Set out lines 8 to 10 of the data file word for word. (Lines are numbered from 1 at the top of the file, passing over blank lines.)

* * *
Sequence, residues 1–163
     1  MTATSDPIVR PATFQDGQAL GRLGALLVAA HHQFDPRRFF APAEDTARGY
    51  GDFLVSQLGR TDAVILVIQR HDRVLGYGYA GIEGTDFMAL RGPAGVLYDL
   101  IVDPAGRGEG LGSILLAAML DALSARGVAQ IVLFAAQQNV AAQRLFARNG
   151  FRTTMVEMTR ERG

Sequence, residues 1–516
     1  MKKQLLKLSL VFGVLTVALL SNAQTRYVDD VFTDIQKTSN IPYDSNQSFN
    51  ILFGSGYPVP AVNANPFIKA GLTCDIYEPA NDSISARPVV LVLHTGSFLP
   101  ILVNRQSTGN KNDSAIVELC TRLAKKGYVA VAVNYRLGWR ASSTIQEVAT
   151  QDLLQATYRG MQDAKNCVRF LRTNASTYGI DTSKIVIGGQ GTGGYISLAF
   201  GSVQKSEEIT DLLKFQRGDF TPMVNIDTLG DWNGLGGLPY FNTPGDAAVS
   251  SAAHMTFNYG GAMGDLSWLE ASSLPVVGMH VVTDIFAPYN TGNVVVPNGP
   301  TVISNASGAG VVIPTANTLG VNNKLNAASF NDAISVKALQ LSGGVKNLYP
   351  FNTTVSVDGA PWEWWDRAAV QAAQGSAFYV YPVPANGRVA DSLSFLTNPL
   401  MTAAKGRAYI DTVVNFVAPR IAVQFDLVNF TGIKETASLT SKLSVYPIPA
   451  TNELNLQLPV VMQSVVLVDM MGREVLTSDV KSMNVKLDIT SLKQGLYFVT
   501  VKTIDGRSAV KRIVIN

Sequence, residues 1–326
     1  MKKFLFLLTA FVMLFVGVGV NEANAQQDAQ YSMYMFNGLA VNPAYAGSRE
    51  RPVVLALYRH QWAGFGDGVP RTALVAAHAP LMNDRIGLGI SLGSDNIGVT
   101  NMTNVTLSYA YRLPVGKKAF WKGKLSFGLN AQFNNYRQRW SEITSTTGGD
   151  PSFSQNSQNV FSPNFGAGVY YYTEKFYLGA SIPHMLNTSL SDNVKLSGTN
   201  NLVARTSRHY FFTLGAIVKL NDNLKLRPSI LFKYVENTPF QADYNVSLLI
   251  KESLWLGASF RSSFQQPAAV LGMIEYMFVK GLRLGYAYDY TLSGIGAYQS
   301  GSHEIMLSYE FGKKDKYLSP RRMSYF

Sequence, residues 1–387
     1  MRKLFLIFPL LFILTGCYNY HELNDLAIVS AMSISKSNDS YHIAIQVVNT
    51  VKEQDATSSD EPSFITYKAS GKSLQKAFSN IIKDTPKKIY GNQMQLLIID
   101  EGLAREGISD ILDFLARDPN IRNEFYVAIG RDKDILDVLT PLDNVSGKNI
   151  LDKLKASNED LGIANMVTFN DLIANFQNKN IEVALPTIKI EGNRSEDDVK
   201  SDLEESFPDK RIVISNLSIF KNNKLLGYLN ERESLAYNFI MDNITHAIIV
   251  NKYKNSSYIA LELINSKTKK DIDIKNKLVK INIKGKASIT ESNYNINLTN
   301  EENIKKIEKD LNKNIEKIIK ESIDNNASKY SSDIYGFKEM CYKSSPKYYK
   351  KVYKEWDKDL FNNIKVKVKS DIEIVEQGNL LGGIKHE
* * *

    51  ILFGSGYPVP AVNANPFIKA GLTCDIYEPA NDSISARPVV LVLHTGSFLP
   101  ILVNRQSTGN KNDSAIVELC TRLAKKGYVA VAVNYRLGWR ASSTIQEVAT
   151  QDLLQATYRG MQDAKNCVRF LRTNASTYGI DTSKIVIGGQ GTGGYISLAF